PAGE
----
He wrote a memorandum for the British government and handed it to the British Ambassador to the Vatican, Lord Osborne. The U.S. consul in Istanbul also received the memorandum: »Croatia's Viewpoint of the Peace Agreeement« (»Hrvatsko gledište o mirovnom sporazumu«).

»The memorandum states that the real representatives of the Croatian People are Maček and the CPP [1], viciously attacks General Dragoljub Mihailović [2] and advocates the idea of the Danubian Confederacy«, says Dr Živojinović. »Later, in a memo to Archbishop Spellman, President Roosevelt proposed as one of the solutions for Austria that Archduke Otto von Habsburg could regain the country's throne. At the time, Roosevelt was opposed to the restoration of Yugoslavia, and leaned towards the establishment of independent Croatia and Slovenia«.

Draganović's letters show that he also maintained contacts with the ministers of the exiled Yugoslav government, via the Vatican diplomats. The archives of the U.S. Counter-Intelligence Corps reveal that Miha Krek, a Minister in the royal government in exile in London, was one of the most important associates of Draganović in smuggling out Nazis, and one of the leaders of the Intermarium project. American archives also reveal that Tito had attempted to establish contact with the Catholic clerical leaders in Croatia.

»Aware of the Catholic Church's strength and needing its support, Broz sent an emissary to Stepinac in 1943 and offered him to become 'vicar-general of the Partisan forces'«, says Dr. Živojinović [3] »The Archbishop replied he would accept, if Pope Pius XII appointed him to that position. Stepinac related this story to the New York attorney James Murray, who visited him in 1952 in Krašić [4]. Murray then reported it to Secretary of State Dean Acheson«.

»In August 1944«, continues Dr. Živojinović, »Broz was in Italy, where he met with Churchill on several occasions, but also with the head of the American OSS, General William Donovan. On August 9, Tito and his entourage spent the entire day in Rome, spending several hours just touring the Basilica of Saint Peter at the Vatican. Broz did not allow photographers to take any pictures of the group, says the OSS report«.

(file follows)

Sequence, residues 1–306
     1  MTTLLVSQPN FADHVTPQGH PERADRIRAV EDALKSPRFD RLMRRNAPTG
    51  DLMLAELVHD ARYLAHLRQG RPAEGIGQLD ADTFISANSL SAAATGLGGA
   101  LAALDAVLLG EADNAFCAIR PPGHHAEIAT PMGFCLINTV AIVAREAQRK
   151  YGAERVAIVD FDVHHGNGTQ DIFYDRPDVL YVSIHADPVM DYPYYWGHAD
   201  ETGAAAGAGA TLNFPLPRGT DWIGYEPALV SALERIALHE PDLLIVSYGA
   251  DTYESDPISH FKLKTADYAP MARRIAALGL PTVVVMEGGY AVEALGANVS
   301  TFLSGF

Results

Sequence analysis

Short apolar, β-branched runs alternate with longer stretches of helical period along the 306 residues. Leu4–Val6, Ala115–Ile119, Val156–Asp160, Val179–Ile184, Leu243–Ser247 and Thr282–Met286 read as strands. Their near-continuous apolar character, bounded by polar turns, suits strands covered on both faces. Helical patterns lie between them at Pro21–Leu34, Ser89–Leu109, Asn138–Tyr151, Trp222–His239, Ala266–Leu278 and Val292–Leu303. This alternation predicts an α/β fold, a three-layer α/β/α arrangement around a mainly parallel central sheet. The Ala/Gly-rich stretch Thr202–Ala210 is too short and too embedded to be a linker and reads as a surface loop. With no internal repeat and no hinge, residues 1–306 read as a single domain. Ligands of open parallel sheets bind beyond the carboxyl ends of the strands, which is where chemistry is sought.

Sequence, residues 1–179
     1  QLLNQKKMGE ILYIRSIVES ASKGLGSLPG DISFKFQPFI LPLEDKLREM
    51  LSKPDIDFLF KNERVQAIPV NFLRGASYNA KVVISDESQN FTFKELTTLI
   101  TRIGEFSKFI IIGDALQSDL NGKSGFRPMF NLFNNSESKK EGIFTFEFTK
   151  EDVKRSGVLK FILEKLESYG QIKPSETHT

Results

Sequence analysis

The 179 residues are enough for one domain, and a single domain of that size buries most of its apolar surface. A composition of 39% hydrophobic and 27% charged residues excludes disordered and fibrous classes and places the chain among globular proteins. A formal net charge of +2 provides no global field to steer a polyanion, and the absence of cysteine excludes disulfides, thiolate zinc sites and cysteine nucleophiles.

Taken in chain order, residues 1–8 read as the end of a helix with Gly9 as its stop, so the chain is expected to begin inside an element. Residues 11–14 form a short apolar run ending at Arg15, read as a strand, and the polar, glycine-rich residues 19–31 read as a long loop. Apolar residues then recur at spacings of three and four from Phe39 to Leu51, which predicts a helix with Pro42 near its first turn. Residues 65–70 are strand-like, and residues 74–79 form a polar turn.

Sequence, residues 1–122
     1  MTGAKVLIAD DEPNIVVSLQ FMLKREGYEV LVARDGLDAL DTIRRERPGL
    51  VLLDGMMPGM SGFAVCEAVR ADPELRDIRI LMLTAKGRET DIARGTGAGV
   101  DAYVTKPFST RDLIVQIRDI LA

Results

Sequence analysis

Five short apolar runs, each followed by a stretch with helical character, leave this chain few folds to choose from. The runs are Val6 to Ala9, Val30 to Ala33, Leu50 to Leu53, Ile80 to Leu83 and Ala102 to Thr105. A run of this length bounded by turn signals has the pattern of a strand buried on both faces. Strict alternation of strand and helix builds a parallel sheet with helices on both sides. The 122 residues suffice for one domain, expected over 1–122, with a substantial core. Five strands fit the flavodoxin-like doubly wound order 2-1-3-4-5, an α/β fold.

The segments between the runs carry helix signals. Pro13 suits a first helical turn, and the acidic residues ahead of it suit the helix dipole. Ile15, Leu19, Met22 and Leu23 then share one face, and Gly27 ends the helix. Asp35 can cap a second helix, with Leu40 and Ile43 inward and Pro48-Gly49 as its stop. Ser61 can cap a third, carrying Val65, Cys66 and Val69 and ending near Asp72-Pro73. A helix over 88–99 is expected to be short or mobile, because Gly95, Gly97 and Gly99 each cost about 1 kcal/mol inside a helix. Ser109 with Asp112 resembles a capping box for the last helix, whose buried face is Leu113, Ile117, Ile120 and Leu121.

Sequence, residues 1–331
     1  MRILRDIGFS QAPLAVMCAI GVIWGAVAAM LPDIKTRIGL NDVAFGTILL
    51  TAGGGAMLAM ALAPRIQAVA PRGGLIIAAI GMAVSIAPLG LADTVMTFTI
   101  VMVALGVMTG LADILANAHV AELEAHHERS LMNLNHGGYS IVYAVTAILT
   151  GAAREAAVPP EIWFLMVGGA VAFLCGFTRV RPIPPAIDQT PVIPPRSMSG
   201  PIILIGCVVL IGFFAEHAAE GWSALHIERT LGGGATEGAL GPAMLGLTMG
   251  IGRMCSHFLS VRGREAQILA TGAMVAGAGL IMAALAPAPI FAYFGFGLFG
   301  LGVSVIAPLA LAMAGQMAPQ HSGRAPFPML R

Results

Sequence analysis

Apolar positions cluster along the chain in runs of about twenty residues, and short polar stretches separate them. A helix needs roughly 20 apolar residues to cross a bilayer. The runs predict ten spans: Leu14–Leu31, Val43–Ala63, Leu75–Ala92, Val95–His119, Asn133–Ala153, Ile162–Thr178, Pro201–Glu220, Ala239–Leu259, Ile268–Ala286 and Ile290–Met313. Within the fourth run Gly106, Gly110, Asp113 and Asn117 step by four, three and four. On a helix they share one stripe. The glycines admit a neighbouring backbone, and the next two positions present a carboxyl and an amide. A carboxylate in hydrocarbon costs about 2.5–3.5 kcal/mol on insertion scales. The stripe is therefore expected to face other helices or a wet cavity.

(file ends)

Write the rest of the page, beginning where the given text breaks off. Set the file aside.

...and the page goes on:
After 1944, British and American services reported on visits of members of the {Tito's] Yugoslav military mission in Rome to the Vatican State Secretariat. »They reported that members of the Yugoslav military mission were maintaining connections with Draganović, and visiting the Institute of St. Hyeronimus -- known as the center of Vatican's support for the Ustashe and later the HQ for the 'ratlines'. Certain priests would visit the Yugoslav military mission, while Mission members Arso Milatović continued communication with Draganović later«, says Dr. Živojinović.

The most wanted Nazi criminals could escape justice because Draganović obtained the lists of those to be arrested, and helped them escape across the ocean. The Counter-Intelligence Corps discovered the »ratlines« only in 1947.

»Agent William Gowan discovered that a well-organized network of Nazi emigres from Central and Eastern Europe operated on the edge of Vatican and received secret aid and support from a small but powerful group of conspirators, including the Pope Pius XII personally« -- revealed in 1991 the former U.S. intelligence officer in the Vatican and U.S. state prosecutor John Loftus.

By then [1947] the »ratlines« were fully operational, smuggling out Nazis and the Ustashe through the Institute of St. Hyeronimus. The print shop at the Croatian Brotherhood of St. Hyeronimus produced the false documents for some 30 000 Hitler's henchmen and their allies, potential assets of the West in the coming war against the USSR.

As for Intermarium, the project was stopped by Stalin, who told his American allies in Yalta he would never allow the resurrection of Austria-Hungary. However, the idea was revived at the end of the XX century, this time as a regional conglomerate of small and medium states between Russia and Germany, for the sake of »efficient planning of mutual defense«. The key role was once again envisioned for Poland, where the idea of Intermarium was first proposed after the Polish-Soviet War of the 1920s...

[1] For the policies and goals of Maček and his Croatian Peasant Party, see here.
[2] Colonel Mihailović (promoted to General by the Yugoslav government in exile) was a guerrilla fighter in charge of the royalist resistance, which both resisted Croat massacres of Serb civilians and disrupted German war effort in occupied Serbia (see here).
[3] At the time, Stepinac was the chief vicar of the Ustasha Army.
[4] Where Stepinac was under house arrest at the time.